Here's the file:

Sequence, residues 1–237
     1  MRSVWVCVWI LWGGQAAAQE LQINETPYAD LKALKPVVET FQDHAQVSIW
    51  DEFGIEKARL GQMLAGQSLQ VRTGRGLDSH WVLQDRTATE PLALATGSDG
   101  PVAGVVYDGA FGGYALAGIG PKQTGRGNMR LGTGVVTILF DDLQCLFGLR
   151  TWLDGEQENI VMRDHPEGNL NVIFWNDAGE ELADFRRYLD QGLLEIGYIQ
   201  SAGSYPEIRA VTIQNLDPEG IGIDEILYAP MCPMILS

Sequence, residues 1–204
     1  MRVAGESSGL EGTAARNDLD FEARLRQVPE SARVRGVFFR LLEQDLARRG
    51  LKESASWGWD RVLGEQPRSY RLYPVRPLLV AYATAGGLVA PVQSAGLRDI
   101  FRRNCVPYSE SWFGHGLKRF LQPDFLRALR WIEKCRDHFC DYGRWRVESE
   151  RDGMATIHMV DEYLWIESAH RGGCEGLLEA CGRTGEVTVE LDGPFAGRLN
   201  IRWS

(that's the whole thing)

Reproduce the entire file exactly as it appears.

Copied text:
Sequence, residues 1–237
     1  MRSVWVCVWI LWGGQAAAQE LQINETPYAD LKALKPVVET FQDHAQVSIW
    51  DEFGIEKARL GQMLAGQSLQ VRTGRGLDSH WVLQDRTATE PLALATGSDG
   101  PVAGVVYDGA FGGYALAGIG PKQTGRGNMR LGTGVVTILF DDLQCLFGLR
   151  TWLDGEQENI VMRDHPEGNL NVIFWNDAGE ELADFRRYLD QGLLEIGYIQ
   201  SAGSYPEIRA VTIQNLDPEG IGIDEILYAP MCPMILS

Sequence, residues 1–204
     1  MRVAGESSGL EGTAARNDLD FEARLRQVPE SARVRGVFFR LLEQDLARRG
    51  LKESASWGWD RVLGEQPRSY RLYPVRPLLV AYATAGGLVA PVQSAGLRDI
   101  FRRNCVPYSE SWFGHGLKRF LQPDFLRALR WIEKCRDHFC DYGRWRVESE
   151  RDGMATIHMV DEYLWIESAH RGGCEGLLEA CGRTGEVTVE LDGPFAGRLN
   201  IRWS